Many farmers’ organizations all around the world and in India contribute to the establishment and promotion of Participatory Guarantee Systems (PGS). Particularly appropriate for small-scale farming, PGS have proven to be a practical alternative to third-party certification and an effective way to develop local markets for organically produced food.
Organic is now one of the fastest growing sectors in the world and its success opens many social and economic opportunities for people around the world, especially for those in need for food security and ways out of poverty. Organic certification is an important tool for the growth of the sector. It facilitates recognition and provides consumers with assurance about the organic quality of the products. With Governments playing a key role in developing national regulations for organic production, certification is also very often a synonym of access to the market. Currently, the most commonly accepted guarantee system is third-party certification, where an external auditor is responsible for verifying that the producer is in compliance with a certain set of rules (standard) for organic production.
But obtaining third-party certification is a challenge for many organic producers. This is especially true for small-scale farmers in developing countries. One of the reasons is that the cost of organic certification is high in relation to their production. Farmers get overwhelmed by the paperwork and the complexity of the standards and regulations they are asked to fulfill. Moreover, farmers are subject to a set of rules imposed from outside, which might not make room for local specificities. As a result, certified organic products tend to be expensive, not affordable for the local population. Such products will then be sold only to higher income consumers, mostly in cities, or shipped to foreign markets.
Organic certification is necessary for the growth of organic –but small farmers are often left out.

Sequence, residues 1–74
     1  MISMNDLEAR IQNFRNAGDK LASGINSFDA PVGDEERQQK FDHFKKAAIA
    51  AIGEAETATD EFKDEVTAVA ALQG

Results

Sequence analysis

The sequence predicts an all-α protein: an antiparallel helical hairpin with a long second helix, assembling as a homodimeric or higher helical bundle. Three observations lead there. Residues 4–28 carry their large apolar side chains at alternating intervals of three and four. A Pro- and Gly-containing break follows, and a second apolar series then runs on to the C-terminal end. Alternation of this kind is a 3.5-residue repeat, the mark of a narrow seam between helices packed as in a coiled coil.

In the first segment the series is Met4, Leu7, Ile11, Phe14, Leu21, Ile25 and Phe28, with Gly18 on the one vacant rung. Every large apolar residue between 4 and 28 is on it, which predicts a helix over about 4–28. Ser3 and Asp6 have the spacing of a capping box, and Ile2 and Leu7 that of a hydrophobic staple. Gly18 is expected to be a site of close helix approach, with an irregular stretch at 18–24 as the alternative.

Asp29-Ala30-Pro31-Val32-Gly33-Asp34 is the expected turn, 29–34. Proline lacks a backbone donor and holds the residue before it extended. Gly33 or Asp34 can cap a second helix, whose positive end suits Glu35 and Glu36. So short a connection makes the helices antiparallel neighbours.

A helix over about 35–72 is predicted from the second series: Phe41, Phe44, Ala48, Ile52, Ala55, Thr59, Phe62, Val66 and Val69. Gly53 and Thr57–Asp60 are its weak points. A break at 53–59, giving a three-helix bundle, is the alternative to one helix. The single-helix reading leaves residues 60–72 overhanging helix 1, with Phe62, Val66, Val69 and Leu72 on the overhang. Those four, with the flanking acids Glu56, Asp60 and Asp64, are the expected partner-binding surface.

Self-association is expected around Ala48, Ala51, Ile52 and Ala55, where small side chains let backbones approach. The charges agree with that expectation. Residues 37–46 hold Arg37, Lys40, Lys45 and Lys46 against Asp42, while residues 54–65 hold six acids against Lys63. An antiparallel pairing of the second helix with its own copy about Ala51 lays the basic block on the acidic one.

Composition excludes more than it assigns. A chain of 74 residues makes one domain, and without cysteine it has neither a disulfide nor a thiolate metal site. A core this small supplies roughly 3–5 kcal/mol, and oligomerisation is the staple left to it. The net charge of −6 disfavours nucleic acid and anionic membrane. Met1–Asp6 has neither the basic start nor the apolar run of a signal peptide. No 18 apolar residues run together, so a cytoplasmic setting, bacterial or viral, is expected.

PGS – an alternative to third party certification
PGS is a way to assure the quality of the products that is substantially different from third-party certification systems, while equally reliable. PGS is based on the participation of various stakeholders in the certification process.
Ideally producers, consumers, NGOs, scientists and other key actors in the organic sector share the responsibility during regular peer-reviews and for certification decisions, and are also included in the choice and definition of the standards. The system allows for the necessary flexibility. The development of the certification procedures is taken on by the stakeholders themselves. Most of the work is done voluntarily, which means that the actual cost for certification is very low.
The involvement and cooperation of a large number of people creates possibilities for knowledge sharing and transfer. This often results in an increased know-how and an improvement in the techniques of the farmers. Producers have ownership as the decisions are redirected back to those who are directly involved in the process. Finally, Participatory Guarantee Systems strengthen local markets and local communities and enhance awareness of organic agriculture in the region. Especially in developing organic markets, the PGS approach has proved very successful in building up local networks of production and consumption.